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Alexander Nesis’s Polymetal International agrees to acquire the Kyzyl gold mining project for $618.6 million

Billionaire entrepreneur Alexander Nesis will be paying $618.5 million for the project through the Polymetal International company in which he holds a controlling interest,

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St Petersburg International Economic Forum 2013 Day Two


Alexander Nesis, through the Polymetal International gold and silver mining group in which he holds a controlling interest, has agreed to pay  the sum of $618.5 million to acquire the Kyzyl gold mining project in northeast Kazakhstan from the Sumeru gold mining concern.

According to a statement issued by the London-traded company said.Polymetal will be paying $318.5 million in cash and issue $300 million in new shares for the gold assets of Sumeru’s Bakyrchik and Bolshevik gold deposits, in the process increasing the total gold assets by 50%.

The entire Kyzyl Project is estimated to hold around 6.7 million ounces of gold, being pulled out of the ground at a rate of  7.5 grams a metric ton, according to according to standards set by the industry Joint Ore Reserves Committee code.

Reserves at the  Bakyrchik mine, according to Polymetal, will be sufficient for profitable mining for at least the next 20 years with the conservative potential of additions to existing reserves.

Both the Bakyrchik and Bolshevik mines are situated in the  traditional mining region of Kazakhstan , with the area providing excellent infrastructure facilities, including easy access to power and rail. In their statement , Polymetal went on to explain that a considerable part of the Kyzyl Project could be converted to open-pit mining from an underground operation, a process which would considerably optimize extraction levels and reduce costs in the long-term.

According to the terms of the purchase agreement Polymetal may be liable to pay Sumeru an additional amount, which could reach as high as $500 million,  if they fail to meet certain terms and conditions within the coming seven years, taking into account fluctuations in the price of gold movement and attending effect on the value of Polymetal’s shares over the seven years following completion of the acquisition. .


Industry observers  point to the fact that Polymetal appears to be keen on increasing the status of their present metal reserves, after a difficult period in 2013 which resulted in them  making a loss, due to a combination of reducing prices and increasing costs.

The base cost of gold bullion dropped by close to 30% during the year,  the highest percentage decrease in more than 30 years. ,

According to a spokesperson for Polymetal  the Kyzyl  gold mining asset is one of the last available among the large and high-grade ones discovered during Soviet times, the reason why the company was so determined to acquire it.

Financial analysts in the gold mining industry point to the fact that  the the Kyzyl  gold mining asset  acquisition is the largest Polymetal’s history, and one which will allow the company to both boost gold reserves while at the same time, hopefully reduce production cash, which have been rising steadily in existing mines in Russia and Kazakhstan, and having a negative effect on  profits.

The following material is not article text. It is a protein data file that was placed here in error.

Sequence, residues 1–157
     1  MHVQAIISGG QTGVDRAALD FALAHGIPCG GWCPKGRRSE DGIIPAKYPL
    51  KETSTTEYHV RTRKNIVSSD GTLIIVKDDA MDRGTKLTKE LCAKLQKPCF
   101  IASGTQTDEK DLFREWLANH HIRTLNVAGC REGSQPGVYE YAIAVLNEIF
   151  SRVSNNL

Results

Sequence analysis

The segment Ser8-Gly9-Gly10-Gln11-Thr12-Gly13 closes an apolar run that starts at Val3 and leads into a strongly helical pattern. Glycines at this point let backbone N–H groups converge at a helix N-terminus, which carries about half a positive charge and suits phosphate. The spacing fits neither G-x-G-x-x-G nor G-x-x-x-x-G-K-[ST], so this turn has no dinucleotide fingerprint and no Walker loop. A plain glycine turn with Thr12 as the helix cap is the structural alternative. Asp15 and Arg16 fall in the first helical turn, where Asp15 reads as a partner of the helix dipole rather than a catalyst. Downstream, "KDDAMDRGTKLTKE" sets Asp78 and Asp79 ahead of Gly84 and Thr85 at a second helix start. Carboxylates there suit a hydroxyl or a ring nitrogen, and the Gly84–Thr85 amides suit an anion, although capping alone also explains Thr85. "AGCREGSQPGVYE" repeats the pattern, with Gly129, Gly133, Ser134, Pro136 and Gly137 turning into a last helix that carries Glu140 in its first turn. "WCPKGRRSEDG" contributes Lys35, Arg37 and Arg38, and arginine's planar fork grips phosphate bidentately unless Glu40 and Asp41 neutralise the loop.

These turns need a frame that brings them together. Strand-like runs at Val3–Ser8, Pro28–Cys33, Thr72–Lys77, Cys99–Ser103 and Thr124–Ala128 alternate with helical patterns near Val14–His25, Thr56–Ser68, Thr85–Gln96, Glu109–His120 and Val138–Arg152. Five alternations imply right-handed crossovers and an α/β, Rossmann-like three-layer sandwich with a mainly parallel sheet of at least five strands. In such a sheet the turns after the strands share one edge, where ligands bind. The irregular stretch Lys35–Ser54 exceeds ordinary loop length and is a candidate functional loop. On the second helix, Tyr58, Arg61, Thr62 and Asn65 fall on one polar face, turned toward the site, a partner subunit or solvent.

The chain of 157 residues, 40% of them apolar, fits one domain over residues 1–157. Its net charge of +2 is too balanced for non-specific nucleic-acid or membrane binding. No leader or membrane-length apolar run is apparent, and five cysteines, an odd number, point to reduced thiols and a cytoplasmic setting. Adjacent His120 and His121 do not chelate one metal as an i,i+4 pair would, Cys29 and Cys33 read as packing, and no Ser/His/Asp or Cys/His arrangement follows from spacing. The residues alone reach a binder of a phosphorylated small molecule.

Alexander Nesis initially founded Polymetal in 1998 in Saint Petersburg,   and in the subsequent period has succeeded in building a considerable portfolio of gold and silver mines in Russia and Kazakhstan.

In October 2011, Polymetal successfully completed an IPO on the London Stock Exchange, valuing the company at just over $3.5 billion in the process becoming one of the first two Russian -based concerns to earn a  listing on the FTSE 100 Index.

The news of the acquisition did not exactly set the London or Moscow stock exchanges on their toes, with shares in Polymetal dropping 0.7 percent to 539 pence in London while in Moscow, their  stock took an even larger slump, dropping 3.3 percent to 319.11 rubles.

Alexander Nesis was born and raised in Leningrad , going on to study radio-chemistry at the prestigious Lensovet Leningrad Institute of Technology. After graduation, Nesis went to work at the massive Baltic Shipbuilding Yard, rising to the rank of master supervisor, before the entrepreneur bug bit him as it did many people in the Russia of the early nineties.

Nesis’s first business venture was far away from the bright lights of Leningrad, in the desolate deserts of Uzbekistan where he founded a company with number of partners, involved in  the production of materials derived from the rich strain of uranium deposits discovered there. From the profits earned, Nesis and his partners began to diversify their investments, focusing on shipbuilding and metals.  In 1993, Nesis  consolidated his You say you are a business activities into the ICT Group which has grown to become among the largest and most successful privately owned investment and industrial companies in Russia, with assets reckoned to be worth around $8 billion.



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